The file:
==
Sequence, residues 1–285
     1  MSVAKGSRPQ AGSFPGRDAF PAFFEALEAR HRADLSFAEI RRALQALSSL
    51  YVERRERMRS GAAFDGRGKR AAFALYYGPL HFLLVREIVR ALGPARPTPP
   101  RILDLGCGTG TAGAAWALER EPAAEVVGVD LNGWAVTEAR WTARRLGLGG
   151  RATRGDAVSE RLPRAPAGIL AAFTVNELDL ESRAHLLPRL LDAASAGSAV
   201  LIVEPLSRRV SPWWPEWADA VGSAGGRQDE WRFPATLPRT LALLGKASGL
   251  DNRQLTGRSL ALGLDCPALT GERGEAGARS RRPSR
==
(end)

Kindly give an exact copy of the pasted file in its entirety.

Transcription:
Sequence, residues 1–285
     1  MSVAKGSRPQ AGSFPGRDAF PAFFEALEAR HRADLSFAEI RRALQALSSL
    51  YVERRERMRS GAAFDGRGKR AAFALYYGPL HFLLVREIVR ALGPARPTPP
   101  RILDLGCGTG TAGAAWALER EPAAEVVGVD LNGWAVTEAR WTARRLGLGG
   151  RATRGDAVSE RLPRAPAGIL AAFTVNELDL ESRAHLLPRL LDAASAGSAV
   201  LIVEPLSRRV SPWWPEWADA VGSAGGRQDE WRFPATLPRT LALLGKASGL
   251  DNRQLTGRSL ALGLDCPALT GERGEAGARS RRPSR